We walk over to a nearby hotel and manage to book a minivan to take us to Los Banos, about 105 miles south of Quito, a place known for its hot springs, white water rafting, and beautiful volcanic scenery amongst others. Chase and Nitin sit up front and are superb DJs for the ride, blasting their latest and greatest house music tracks which are far too cool for me to have ever heard of. Aside from a stop on the side of the highway, where Ebbe and I have a no pants standing up urination session at an outdoor bathroom, the journey is uneventful, and we arrive at our next lodgings, the Great Hostels Backpackers Los Banos, without too much difficulty. Showers are had and then we hit the town in search of food for lunch. We stumble upon a wonderful pizzeria near the town center where pizzas, lasagna, a buffalo chicken wrap (ordered by Chris, who is an Italian, in an Italian restaurant), and much beer is consumed. Dave Nole and I manage to take down a large pizza each, before we head back to the hostel for a quick turn around in order to make it to the hot springs before they close for the afternoon pool cleaning session.
We arrive at “Los Banos”, the hot springs, and are underwhelmed. We are all forced to buy shower caps, and the “hot springs” themselves were just a series of three square pools, each urine colored, with far too many people in them. Nevertheless, we are there, so don the shower caps and go in for a bit. Meet three other Brits in the pool, one of whom is extremely well endowed, and surprisingly doesn’t look like she is in need of orthodontic care, who seems to be attracting a lot of attention from the locals. I try and glean from them where they will be in the evening, and get a general idea of where the good bars are.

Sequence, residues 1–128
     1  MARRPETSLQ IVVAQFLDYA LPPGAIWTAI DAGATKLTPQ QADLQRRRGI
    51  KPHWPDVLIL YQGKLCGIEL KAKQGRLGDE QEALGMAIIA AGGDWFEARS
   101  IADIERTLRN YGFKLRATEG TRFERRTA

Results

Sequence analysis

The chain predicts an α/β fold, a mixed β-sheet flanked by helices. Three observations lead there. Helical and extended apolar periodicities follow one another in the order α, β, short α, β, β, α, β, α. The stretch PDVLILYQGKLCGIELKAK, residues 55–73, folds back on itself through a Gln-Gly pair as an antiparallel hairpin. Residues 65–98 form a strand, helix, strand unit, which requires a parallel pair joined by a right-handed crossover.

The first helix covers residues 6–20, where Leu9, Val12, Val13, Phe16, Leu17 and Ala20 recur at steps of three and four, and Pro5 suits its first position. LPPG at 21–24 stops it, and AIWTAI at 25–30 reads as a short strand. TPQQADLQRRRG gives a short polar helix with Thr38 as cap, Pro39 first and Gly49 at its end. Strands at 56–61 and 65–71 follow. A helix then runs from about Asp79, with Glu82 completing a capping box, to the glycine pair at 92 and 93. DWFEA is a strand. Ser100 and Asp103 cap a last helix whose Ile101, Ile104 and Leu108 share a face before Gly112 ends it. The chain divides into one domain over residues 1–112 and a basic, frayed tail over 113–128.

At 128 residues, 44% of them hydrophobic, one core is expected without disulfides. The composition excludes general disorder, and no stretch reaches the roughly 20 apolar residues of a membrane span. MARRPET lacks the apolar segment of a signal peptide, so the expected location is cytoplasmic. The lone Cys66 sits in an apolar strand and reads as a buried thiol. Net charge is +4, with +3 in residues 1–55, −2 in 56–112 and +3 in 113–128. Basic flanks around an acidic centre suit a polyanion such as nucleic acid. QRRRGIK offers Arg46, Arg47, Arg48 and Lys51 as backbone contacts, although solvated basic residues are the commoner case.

Back to our hostel and a bit of a break or, for the MIT boys, some hallway soccer, before it’s time to hit the town again for our next meal. We’ve been recommended a great Argentinian steak restaurant by the manager of our hostel, but unfortunately it is closed, so we settle for a pretty decent French restaurant. The food is good, and more beer, as well as some wine, is consumed. We then endeavor to find our very well endowed British friend without success, but stumble upon a great bar with an open air bar and bonfire in the back. The bar came complete with a white cat, which seemed to take a liking to Kenny.
We are ambushed by a rather verbose Swedish lady who is starting up a Swedish restaurant in Quito, who takes it upon herself to join us at the bonfire and bore most of us to tears with various different stories. I’m pretty sure she wanted to “have a good time” with absolutely any of us. She tried to orchestrate meeting up the next day, which Chase agreed to with the hope of her just being quiet for a few moments. Unfortunately this doesn’t work, but we were all feeling rather knackered from being awake from 11 p.m. the day before, so we return to Great Hostels Backpackers and hit the sack.
Day 8. May 22nd 2013